Former Samsung patent head turns against tech giant
Smartphones are displayed at Samsung's d'light shop in Seocho-gu, Seoul. (Yonhap)
A former Samsung Electronics executive, who led patent prosecutions and litigations representing South Korea-based technology giant, was found to have turned against his previous employer with a patent suit.
Synergy IP, founded by Samsung’s former vice president Ahn Seung-ho in 2020, was one of the plaintiffs that filed patent suits with the United States District Court for the Eastern District of Texas since November last year, according to a report by local media outlet Electronic Times.
Before quitting Samsung in 2019, Ahn was known to have been a key figure behind Samsung’s patent war against Apple, Huawei and other global tech giants concerning technologies used for smartphones, digital image storage and mobile network, among others. He also played a central role in Samsung’s global patent cross-licensing agreement it reached with Google.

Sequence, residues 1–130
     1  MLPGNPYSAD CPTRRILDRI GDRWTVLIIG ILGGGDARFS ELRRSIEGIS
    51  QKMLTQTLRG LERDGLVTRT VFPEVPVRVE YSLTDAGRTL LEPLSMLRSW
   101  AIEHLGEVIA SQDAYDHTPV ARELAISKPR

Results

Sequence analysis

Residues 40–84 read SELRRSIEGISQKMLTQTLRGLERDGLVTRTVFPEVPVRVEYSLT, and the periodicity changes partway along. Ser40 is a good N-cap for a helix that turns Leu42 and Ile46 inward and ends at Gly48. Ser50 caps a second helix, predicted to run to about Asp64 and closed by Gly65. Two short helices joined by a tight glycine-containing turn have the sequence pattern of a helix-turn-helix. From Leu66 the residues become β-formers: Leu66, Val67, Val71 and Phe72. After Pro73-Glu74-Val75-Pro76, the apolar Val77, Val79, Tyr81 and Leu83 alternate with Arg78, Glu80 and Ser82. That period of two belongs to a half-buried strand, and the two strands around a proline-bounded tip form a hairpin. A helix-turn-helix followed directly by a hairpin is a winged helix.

Serving various roles in Samsung, including head of intellectual property center, Ahn has been dedicated to patent litigation, technology licensing and industry-academia collaboration programs.
Synergy IP joined hands with Delaware-based Staton Techiya to claim that Samsung had infringed on 10 patents used in products such as wireless earphones, smartphones and personal voice assistant.
These include always-on headwear recording system that records audio with monitoring assemblies mounted in an earpiece and stores the recorded data; method and device for audio recording, designed to include earpiece, microphones and chips to capture and record sounds; as well as method and device for acoustic management control of multiple microphones.
The two nonpracticing entities -- which acquire patent rights but does not practice the patented invention -- added that Samsung continued to sell products by breaching the right of plaintiffs, despite being aware of the infringement, according to the report. Defendants include Samsung Electronics and its US arm, Samsung Electronics America.
Ahn told Electronic Times that he was not taking an “intentional stance toward Samsung” with the patent suit.
A Samsung spokesperson confirmed the media report, but declined to disclose further on the possible countermeasures.
By Son Ji-hyoung (firstname.lastname@example.org)